When living creatures’ harmony gets disrupted, presume “disintegration of their nature and…rise of pain,” but when the reverse happens, with creatures’ harmony regained, nature restored, then “we have to say…pleasure arises”: so that inquiry at least, like comedy in some classical sense (like love, fear) can coax mixed pleasure, pain; so drama, eros, interrogation never could claim, say, math’s purity; so should one just laugh when prompted Protarchus poses his frustrated (“What keeps you from answering your questions yourself, Socrates?”) question?

    Symposium

    When approached from behind, prompted to tell a story, or when one’s two-faced, eight-limbed person gets sliced (“the way people cut sorb-apples before they dry them…cut eggs with hairs”) separate, or when Love strides past, “far from being delicate…beautiful…as ordinary people think…tough and shriveled and shoeless and homeless, always lying on…dirt without a bed, sleeping at people’s doorsteps and in roadsides under the sky, having his mother’s nature…. neither immortal nor mortal…anything he finds his way to always slips away, and for this reason Love is never completely without resources, nor is he ever rich,” or when coaxed at least by wisest women to grow to love not as being loved but as being the lover, or with study presumably existing since such knowledge forever will pass us by, finishing out our lives together still unable to say what we want from each other, why won’t you, my love, speak, pose (not “raise” per se) more questions?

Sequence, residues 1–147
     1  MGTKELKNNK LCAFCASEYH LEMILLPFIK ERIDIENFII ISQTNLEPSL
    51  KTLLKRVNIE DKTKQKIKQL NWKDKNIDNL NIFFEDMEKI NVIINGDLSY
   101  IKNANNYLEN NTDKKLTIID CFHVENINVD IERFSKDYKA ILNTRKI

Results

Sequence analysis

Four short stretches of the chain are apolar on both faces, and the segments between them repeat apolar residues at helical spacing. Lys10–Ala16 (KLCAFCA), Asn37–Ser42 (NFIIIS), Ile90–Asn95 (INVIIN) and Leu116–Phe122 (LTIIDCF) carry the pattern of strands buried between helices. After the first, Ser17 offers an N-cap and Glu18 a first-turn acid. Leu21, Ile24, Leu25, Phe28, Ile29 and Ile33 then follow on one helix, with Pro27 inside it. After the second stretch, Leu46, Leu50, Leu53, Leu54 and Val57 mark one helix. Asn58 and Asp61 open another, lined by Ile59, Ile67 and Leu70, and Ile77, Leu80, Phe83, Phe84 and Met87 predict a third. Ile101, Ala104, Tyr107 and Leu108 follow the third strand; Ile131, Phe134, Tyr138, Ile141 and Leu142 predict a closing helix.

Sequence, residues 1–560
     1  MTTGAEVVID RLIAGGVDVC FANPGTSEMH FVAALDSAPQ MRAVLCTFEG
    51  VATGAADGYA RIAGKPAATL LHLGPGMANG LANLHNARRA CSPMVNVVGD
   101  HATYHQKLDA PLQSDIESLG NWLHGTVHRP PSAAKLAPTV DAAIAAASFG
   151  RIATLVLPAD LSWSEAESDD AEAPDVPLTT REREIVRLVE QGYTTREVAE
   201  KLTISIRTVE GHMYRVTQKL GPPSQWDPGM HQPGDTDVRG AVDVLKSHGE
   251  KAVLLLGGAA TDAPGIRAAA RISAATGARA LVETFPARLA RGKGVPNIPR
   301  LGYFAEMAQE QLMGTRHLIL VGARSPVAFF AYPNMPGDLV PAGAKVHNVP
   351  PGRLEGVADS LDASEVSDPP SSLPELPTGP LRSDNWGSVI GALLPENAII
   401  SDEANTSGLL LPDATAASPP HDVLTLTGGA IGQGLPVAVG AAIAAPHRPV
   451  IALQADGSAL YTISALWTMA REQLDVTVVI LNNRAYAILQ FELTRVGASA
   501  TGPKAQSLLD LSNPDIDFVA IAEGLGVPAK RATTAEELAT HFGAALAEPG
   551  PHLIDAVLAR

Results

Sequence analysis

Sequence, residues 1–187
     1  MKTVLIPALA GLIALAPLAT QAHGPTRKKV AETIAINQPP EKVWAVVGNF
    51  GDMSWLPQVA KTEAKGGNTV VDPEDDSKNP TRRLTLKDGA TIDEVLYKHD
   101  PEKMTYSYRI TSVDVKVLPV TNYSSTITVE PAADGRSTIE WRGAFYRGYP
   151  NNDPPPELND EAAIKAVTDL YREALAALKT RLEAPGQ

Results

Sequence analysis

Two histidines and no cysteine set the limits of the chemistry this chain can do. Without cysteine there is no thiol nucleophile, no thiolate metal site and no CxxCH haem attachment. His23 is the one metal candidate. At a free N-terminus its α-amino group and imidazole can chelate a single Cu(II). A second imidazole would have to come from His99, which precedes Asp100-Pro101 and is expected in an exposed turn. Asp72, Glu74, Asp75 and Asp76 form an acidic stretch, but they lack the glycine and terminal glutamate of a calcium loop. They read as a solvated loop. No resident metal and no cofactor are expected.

Phaedrus

    Say this cosmic “proof” poses the “lover of wisdom or…cultivated in the arts and prone to erotic love” as more clear-sighted than any “lawful king or warlike commander”; provides greatest spiritual distinction to one “who practices philosophy without guile or who loves boys philosophically,” so that as “heat warms him and melts…places…long ago closed off with hard scabs to keep…sprouts from coming back…as nourishment flows…the feather shafts swell and rush to grow from…roots beneath every part of the soul…long ago, you see, the entire soul had wings”; so that the boy now rises amazed by love “as he realizes…friendship…from…other friends and relatives put together is nothing compared to that of this friend…inspired by a god”; so while you (any you) can presume or pursue at least or become that beautiful boy, won’t you also begin to wonder: since writing, from the start (from Theuth’s beneficent invention) coaxes at best reminding not remembering, provides appearance rather than possession of wisdom, prompts hearing instead of learning from even the most apropos instruction, what could any mere mortal write within my soul besides his question?